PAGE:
« There has been a clear shift in policy after Turkey turned a blind eye to those crossing to Syria since 2011, » said Sinan Ulgen, a former Turkish diplomat who chairs the Center for Economics and Foreign Policy Studies in Istanbul.

Turkey’s effort follows the rapid and brutal advance of Islamic State in its effort to establish a self-styled Islamist nation in the Arab world’s heart and on Turkey’s southern frontier.

Islamic State’s growth has prompted Ankara and its Western allies to step up intelligence sharing and security cooperation.

Their tactics were spotlighted last month by the beheading of American journalist James Foley, his killer’s London accent apparently identifying him as one of an estimated 500 Britons believed to have joined the jihadists. The group on Tuesday released a video showing the beheading of a second American journalist, Steven Sotloff.

But Ankara concedes that its intensified efforts aren’t airtight, with these Turkish borderlands remaining a way station for aspiring militant fighters and exposing Turkey to potential Islamic State attacks. Some fighters are using the daily Syrian refugee flows across the border as camouflage.

« The border security has been increased, but the border cannot be taken under control only by military and police measures, » Lutfu Savas, Antakya’s mayor said on Wednesday. « It’s not just the ISIS, there are many illegal groups here in Hatay and other provinces. These groups have within the past couple of years learned the border geography better than we now do. »

Thousands of foreign fighters from countries including Turkey, Britain, Europe and the U.S. have joined Islamic State’s ranks in its self-proclaimed caliphate, say Western diplomats and Turkish officials.

The vast majority hail from Saudi Arabia and North Africa, according to Turkish and Saudi officials. The countries are concerned the jihadists will return to their home countries to wreak havoc.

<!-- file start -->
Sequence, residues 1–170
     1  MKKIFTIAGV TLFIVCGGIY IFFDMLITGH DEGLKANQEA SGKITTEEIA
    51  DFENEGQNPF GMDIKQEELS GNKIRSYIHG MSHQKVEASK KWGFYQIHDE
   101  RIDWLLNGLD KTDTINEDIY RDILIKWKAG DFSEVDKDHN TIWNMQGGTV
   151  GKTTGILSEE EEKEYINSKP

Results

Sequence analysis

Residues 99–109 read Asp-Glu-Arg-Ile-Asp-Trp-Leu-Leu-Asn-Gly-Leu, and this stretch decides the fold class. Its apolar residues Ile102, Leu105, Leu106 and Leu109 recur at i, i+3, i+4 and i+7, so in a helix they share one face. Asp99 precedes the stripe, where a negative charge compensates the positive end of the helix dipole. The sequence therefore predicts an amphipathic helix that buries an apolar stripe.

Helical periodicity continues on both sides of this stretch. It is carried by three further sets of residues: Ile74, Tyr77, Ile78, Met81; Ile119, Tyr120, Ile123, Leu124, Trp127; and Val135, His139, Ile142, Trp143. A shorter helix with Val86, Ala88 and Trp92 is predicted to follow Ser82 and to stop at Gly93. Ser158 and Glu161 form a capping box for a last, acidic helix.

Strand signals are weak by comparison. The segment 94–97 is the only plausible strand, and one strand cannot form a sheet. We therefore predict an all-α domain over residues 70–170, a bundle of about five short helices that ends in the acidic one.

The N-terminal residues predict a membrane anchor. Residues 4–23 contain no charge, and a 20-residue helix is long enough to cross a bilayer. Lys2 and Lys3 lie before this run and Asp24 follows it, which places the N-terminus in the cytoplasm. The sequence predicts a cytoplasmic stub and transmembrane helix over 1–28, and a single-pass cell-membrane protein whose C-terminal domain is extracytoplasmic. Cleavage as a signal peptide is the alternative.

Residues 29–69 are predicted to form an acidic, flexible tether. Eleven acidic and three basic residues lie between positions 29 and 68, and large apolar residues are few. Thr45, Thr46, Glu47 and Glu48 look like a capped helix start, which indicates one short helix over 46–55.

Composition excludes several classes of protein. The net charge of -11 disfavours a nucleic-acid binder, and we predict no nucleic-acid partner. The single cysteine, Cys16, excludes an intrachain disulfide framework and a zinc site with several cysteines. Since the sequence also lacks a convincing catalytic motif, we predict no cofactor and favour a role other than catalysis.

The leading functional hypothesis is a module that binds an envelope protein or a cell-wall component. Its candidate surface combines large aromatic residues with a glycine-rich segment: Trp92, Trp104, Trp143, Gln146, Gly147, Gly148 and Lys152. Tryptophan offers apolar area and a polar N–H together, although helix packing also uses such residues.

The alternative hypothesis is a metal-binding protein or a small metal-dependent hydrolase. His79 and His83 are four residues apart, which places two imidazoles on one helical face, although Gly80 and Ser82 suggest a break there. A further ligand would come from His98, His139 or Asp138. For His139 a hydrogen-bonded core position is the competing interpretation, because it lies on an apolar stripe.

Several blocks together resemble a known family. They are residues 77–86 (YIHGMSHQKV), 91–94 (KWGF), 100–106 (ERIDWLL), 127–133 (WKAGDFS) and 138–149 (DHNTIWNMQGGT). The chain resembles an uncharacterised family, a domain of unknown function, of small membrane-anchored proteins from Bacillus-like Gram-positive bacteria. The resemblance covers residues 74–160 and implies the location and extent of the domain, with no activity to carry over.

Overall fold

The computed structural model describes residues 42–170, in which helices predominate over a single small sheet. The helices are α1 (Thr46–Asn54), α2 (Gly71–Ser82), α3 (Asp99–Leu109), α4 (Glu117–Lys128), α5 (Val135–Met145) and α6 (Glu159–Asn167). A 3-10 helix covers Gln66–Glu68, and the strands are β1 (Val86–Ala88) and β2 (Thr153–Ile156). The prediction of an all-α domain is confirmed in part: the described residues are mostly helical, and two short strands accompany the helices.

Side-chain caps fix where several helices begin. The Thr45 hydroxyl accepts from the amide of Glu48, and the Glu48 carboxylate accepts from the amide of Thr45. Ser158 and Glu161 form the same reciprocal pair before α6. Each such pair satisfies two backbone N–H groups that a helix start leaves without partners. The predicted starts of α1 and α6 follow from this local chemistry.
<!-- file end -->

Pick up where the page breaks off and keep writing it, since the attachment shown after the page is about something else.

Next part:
Turkish officials say that makes it even more important for Western nations to provide names and data on suspects so Ankara can stop them at airports of entry rather than the far more difficult task of trying to locate people along the border with Syria.

Evidence of Ankara’s recently stepped-up efforts can be seen at strategic points along Turkey’s meandering border with Syria. Turkish police now confront and question men at Hatay Airport, especially targeting those arriving by direct flights from Saudi Arabia, witnesses say.

Turkey requires no visas for travelers coming for short holidays from Middle Eastern countries and the European Union.

Scrutiny has increased at Turkey’s busiest border gates, Cilvegozu in Hatay province and Oncupinar in neighboring Gaziantep province, the most-used crossing to reach Aleppo, Syria’s largest city and the site of several rebel bands including Islamic State.

Adam Entous in Washington contributed to this article.


1. Brusk - 8 septembre 2014

The Kurds should organise a force in order to keep watch these borders because the Turkish State has allowed to all fanatics muslims the right to cross this area for fighting the Kurds and Syria.